1) Find the nearest ecoATM to you.
2) Prepare your device for resell.
- Transfer any personal content
- Disconnect your old phones from contracts or ownership
- Reset phone to “factory” settings to allow no one to access your information.
3) Remove any stickers or covers to allow ecoATM to properly scan and recognize the device.
4) Gather any accessories to recycle (no money will be given).
Covered Devices Recovery Act
On January 24, 2013, by law, Penn waste is not allowed to collect your electronic waste that you place on the curb. This law is through the Covered Devices Recovery Act which prohibits residents and businesses from placing their electronic waste at the curb or in the trash.
“Lancaster County Solid Waste Management Authority offers recycling for state required “covered devices” — computers, TVs, e-readers and associated accessories — along with a variety of other electronics including cameras, cell phones and video game consoles. Only drop offs from Lancaster County residents will be accepted.”
Mining Old Devices for Treasure
Gold recycling is becoming a vital story in today’s society. Three years ago, Apple recovered more than $40 million worth of gold from old gadgets. Your old devices contain rare metals called rare earths that is contained in a lot of our electronics, automobile, and green energy product on the market. These metals are the fuse that supercharges our technology, bringing us higher speeds, better performance, longer lifespans, and greater efficiency. However, it does require a lot of devices to mine for these materials if you have a knack for mining them. So, the next time you decide to discard your old broken devices, just remember there is hidden treasures within them.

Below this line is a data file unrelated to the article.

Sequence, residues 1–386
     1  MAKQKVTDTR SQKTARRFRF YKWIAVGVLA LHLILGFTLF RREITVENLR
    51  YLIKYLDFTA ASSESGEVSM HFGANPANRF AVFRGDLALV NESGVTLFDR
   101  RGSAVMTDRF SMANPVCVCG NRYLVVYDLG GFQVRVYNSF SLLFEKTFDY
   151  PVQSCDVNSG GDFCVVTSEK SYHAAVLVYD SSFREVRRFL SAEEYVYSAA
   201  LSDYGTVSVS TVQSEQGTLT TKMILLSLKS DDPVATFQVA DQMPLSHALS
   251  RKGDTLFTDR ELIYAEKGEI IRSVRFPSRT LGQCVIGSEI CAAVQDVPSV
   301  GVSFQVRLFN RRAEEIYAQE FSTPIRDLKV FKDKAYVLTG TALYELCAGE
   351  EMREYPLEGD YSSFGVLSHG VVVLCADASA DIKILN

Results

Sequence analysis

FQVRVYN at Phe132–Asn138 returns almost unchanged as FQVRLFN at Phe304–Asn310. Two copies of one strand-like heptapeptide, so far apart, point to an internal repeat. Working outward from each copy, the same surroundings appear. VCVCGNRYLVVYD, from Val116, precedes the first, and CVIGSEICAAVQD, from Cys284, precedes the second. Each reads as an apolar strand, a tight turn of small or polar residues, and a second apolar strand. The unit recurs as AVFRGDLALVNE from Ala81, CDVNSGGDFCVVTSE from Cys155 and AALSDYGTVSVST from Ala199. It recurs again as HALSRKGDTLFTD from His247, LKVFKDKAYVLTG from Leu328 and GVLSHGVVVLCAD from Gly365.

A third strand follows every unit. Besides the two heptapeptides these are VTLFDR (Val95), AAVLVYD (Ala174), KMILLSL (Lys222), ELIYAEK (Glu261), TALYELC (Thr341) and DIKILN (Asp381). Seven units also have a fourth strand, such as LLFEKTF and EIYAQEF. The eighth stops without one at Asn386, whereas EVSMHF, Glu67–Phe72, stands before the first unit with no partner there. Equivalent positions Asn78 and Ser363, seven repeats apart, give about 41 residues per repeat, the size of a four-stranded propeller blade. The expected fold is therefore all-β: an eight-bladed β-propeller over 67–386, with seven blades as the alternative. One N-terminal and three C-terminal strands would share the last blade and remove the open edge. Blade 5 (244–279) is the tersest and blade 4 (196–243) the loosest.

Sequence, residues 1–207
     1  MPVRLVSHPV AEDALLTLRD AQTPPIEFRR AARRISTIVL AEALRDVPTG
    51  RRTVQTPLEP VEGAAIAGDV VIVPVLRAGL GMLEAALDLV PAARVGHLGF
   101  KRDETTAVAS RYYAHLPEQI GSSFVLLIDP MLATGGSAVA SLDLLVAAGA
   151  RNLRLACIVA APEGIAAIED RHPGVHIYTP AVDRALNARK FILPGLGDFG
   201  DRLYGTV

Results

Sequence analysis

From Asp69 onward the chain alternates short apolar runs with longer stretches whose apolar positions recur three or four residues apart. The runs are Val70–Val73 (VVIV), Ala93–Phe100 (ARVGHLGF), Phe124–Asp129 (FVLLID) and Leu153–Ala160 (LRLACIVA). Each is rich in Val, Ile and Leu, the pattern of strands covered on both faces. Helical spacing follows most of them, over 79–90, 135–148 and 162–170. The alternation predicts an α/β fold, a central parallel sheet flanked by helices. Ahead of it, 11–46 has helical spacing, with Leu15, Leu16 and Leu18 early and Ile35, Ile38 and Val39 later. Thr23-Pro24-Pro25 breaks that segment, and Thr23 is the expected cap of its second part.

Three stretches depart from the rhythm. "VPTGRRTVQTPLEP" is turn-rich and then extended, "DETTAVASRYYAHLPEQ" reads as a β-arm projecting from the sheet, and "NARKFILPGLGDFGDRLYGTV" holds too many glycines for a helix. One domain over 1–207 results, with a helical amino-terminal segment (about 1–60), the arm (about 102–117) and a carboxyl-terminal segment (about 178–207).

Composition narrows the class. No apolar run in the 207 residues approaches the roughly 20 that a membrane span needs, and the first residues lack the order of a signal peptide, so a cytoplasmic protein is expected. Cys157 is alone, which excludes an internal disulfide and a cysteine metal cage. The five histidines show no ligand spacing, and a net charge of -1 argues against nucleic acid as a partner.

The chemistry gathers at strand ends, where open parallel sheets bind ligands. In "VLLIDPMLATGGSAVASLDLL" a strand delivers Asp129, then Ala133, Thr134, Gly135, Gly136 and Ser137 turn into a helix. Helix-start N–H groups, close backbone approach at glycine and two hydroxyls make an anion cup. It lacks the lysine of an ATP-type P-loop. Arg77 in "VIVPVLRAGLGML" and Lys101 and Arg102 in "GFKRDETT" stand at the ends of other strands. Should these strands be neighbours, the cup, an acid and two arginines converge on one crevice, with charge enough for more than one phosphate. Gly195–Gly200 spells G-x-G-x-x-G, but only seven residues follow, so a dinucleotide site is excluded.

If you’re thinking about recycling your unwanted technology, visit a Lancaster PA self-service ecoATM kiosk near you or the Lancaster County Solid Waste Management Authority.
EcoATM is a company that believes in giving a second life to old and unwanted devices. They believe in reducing electronic waste and finding value in these devices. To consumers, they offer a safe and simple way to trade, buy and sell your devices while creating a healthier planet for future generations. Every day, they strive on being on top as the world champs of e-recycling and lifecycle management. It is their commitment to work hand and hand with their customers to enhance the experience and value, while making good things happen every part of the consumers electronics lifecycle.
“Together, we’re here to change how the world thinks about pre-owned consumer technology and make a lasting, positive impact on the world we live in”. – ecoATM Gazelle
EcoATM. (n.d.). Sell Your Old Cell Phones & Tablets for Cash. Retrieved April 17, 2019, from https://www.ecoatm.com/Home/
Lancaster County Solid Waste Management Authority. (n.d.). Retrieved April 17, 2019, from https://www.lcswma.org/
Bunn, Rachel. “Here’s Where You Can Recycle Electronics Locally.” Pennlive.com, Pennlive.com, 28 Jan. 2016, www.pennlive.com/news/2016/01/here_are_the_places_you_can_re.html.
“WHAT DO I DO WITH MY ELECTRONIC WASTE?” Lancaster Township, www.twp.lancaster.pa.us/what-do-i-do-with-my-electronic-waste.